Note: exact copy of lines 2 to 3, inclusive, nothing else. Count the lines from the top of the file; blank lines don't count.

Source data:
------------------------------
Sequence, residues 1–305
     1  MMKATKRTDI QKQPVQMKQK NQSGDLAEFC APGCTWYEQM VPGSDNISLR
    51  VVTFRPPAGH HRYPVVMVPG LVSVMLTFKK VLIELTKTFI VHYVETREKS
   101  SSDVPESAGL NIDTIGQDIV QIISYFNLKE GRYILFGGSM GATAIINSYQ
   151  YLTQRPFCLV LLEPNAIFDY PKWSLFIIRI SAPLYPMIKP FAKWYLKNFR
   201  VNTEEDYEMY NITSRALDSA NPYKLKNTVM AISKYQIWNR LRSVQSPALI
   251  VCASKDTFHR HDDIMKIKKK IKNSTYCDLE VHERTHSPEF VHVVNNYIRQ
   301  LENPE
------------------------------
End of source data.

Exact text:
     1  MMKATKRTDI QKQPVQMKQK NQSGDLAEFC APGCTWYEQM VPGSDNISLR
    51  VVTFRPPAGH HRYPVVMVPG LVSVMLTFKK VLIELTKTFI VHYVETREKS